Quorum Sensing in Staphylococcus aureus Infections
Introduction to Staphylococcus aureus
By Elizabeth Eder
Staphylococcus aureus is a gram-positive cocci-shaped bacterium that commonly colonizes human epithelia. Epithelial surfaces include the skin and respiratory tract, and in these areas S. aureus is considered a natural component of the human microbiome and does not serve as a benefit or detriment to its human host . First identified in 1880, S. aureus is a facultative anaerobe, meaning it generates ATP with or without oxygen . While S. aureus is not naturally pathogenic on epithelial surfaces, infections can occur in these areas and range from pimples and impetigo to pneumonia and meningitis [1, 3]. Pathogenicity can develop through the infection of S. aureus in the bloodstream, and these infections are of great medical relevance due to their prevalence and virulence. Infections can be community-acquired (CA) or hospital-acquired (HA), with the latter illustrating the challenge of sterility in healthcare settings .
Compounding the issue of infection is the bacteria’s ability to develop drug resistance, resulting in strains such as methicillin-resistant Staphylococcus aureus (MRSA) . These strains have been of increasing concern in the medical field for their persistence in nosocomial infections and comprise the majority of S. aureus infections [2, 4]. The frequency of S. aureus infections, and the frequency of those infections acquiring methicillin-resistance, is increasing in hospitals in the U.S. [2, 5]. The CDC reported a 62% increase in S. aureus-related hospitalizations from 1999 to 2005, and suggested that MRSA be considered “a national priority for disease control” . Understanding the molecular mechanism of virulence is critical for addressing the issue of S. aureus and MRSA infections, because the resistance that S. aureus develops seriously limits antibiotic usefulness [FIG 1]. Despite the advances in patient care, technology, and heath environment sterility, S. aureus infections continue to be an issue in U.S. hospitals and communities . One mechanism of S. aureus that is currently being studied for its potential contribution to pathogenicity is the quorum sensing (QS) system of communication. Quorum sensing contributes to biofilm formation, antibiotic resistance, and host defense resistance, making the system of great importance for S. aureus infections [1, 7].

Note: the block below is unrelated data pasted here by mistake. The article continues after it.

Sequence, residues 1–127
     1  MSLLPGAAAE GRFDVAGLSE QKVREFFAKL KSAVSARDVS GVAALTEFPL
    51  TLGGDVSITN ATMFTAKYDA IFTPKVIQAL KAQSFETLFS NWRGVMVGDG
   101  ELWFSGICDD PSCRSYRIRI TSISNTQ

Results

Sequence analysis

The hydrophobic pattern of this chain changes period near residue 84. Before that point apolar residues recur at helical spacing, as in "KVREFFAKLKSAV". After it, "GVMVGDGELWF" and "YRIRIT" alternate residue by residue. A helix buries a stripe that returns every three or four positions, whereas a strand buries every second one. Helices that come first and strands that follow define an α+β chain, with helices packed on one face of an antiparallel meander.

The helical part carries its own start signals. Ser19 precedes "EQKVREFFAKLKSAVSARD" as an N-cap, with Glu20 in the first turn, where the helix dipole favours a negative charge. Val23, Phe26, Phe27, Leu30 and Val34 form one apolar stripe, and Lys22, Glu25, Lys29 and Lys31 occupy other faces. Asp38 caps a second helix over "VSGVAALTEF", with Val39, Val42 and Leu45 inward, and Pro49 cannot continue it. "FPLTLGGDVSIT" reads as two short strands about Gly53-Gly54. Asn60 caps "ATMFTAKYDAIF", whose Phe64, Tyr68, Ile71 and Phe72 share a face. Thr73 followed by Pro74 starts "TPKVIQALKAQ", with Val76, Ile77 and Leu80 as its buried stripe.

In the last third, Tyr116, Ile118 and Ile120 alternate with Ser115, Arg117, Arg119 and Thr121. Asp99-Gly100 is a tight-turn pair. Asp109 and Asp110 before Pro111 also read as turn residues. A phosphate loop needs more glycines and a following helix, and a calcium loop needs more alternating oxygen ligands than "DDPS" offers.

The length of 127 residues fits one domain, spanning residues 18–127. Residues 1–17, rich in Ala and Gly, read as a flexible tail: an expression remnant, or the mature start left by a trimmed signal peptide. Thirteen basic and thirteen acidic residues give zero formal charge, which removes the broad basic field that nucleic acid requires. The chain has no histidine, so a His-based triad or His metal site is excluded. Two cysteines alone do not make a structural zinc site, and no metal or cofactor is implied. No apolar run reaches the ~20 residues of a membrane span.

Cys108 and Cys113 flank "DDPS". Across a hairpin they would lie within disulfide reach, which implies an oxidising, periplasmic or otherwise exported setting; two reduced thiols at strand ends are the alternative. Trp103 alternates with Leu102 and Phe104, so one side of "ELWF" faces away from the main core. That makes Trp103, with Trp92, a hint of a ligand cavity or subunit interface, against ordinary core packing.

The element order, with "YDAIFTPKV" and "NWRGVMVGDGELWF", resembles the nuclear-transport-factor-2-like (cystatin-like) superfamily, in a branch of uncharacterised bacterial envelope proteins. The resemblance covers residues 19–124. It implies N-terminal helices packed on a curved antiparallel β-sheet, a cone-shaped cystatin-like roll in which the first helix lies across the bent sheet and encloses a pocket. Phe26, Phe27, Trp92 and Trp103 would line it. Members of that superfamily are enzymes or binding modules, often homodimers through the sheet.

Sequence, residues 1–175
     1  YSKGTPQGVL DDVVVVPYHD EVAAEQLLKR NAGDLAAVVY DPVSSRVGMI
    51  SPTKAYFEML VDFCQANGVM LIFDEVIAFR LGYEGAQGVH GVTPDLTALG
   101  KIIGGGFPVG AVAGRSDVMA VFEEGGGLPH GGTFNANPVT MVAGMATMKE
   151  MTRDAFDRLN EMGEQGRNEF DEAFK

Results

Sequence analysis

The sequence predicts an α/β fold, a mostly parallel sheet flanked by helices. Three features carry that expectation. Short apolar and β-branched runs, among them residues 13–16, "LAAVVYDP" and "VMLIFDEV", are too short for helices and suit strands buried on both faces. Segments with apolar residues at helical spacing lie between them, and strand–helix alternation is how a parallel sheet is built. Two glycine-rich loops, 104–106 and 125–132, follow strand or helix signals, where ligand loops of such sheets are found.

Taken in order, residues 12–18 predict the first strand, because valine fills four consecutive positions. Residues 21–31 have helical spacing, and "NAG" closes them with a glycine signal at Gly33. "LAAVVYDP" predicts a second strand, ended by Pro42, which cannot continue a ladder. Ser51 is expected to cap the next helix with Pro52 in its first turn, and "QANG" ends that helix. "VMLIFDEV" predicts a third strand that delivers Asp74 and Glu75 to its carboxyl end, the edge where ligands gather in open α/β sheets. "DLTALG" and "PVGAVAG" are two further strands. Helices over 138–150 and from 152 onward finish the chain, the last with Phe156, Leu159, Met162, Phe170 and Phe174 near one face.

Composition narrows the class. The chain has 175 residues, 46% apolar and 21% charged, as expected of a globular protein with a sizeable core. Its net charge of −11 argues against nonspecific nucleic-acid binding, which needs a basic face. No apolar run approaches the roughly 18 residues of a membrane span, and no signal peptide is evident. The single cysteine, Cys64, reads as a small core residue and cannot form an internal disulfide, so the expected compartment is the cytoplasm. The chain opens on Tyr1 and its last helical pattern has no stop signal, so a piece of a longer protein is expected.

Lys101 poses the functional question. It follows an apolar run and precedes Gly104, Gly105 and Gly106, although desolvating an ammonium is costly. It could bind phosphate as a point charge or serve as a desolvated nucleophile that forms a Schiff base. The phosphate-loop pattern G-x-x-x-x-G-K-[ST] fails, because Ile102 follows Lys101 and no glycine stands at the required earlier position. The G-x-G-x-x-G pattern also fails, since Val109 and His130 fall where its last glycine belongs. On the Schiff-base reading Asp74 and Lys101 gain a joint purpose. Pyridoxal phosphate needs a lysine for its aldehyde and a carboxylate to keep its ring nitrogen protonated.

Medical Relevance and MRSA
Staphylococcus aureus can become pathogenic whether or not it develops antibiotic resistance, but cases where strains do become resistant are of great concern for the morbidity and mortality associated with them . The economic costs infections impose on hospitals are also serious and significant . S. aureus isolates that do begin to acquire antimicrobial drug resistance are usually resistant to methicillin and other beta-lactam drugs, but progress through a series of stages prior to complete resistance . Isolates are initially considered susceptible, and then progress to intermediate, and finally resistant.
Staphylococcus aureus infections can be categorized into five main types: localized skin infection, diffuse skin infection, deep localized infections, toxinoses, and other infections [3, 6]. Localized skin infections can result in cutaneous or subcutaneous abscesses and possibly bacteremia [FIG 2]. Bacteremia is the infection of bacteria in the blood, which is normally a sterile and bacteria-free environment. When bacteria such as S. aureus are found in the blood, intravenous antibiotics are used as treatment to prevent further spread from the blood into the heart endocardium or bone marrow. Diffuse skin infections include impetigo, which results in facial sores and blisters and is also treated with antibiotics. Deep localized infections include infection of bone and bone marrow, called osteomyelitis, as well as septic arthritis. Toxinoses include toxic shock syndrome and gastroenteritis, but are not necessarily caused by bacterial infection but by bacterial toxins. S. aureus produces toxins that can lead to toxinosis when ingested. The other infections S. aureus can cause include endocarditis, pneumonia, and other inflammatory responses .
Antibiotics used to treat MRSA are vancomycin, linezolid, teicoplanin, tigecycline, daptomycin, and telavancin. Vancomycin remains the most common, though different studies investigating each antibiotic have revealed pros and cons to each . The over-prescription and over-use of antibiotics has been controversial in aiding the progression of multiple species of bacteria towards antibiotic resistance, and as strains continually develop less susceptibility newer antibiotics with different antimicrobial targets are in demand [2, 5]. In healthcare settings infections by both S. aureus and MRSA have increased over 1999-2005 as reported by the CDC [FIG 3]. S. aureus-related infections in the U.S. increased from 294,570 to 477,927 and of those totals the number of MRSA infections increased from 127,036 to 278,203. Resistance to ampicillin, cephalothin, and erythromycin also increased over that period of time .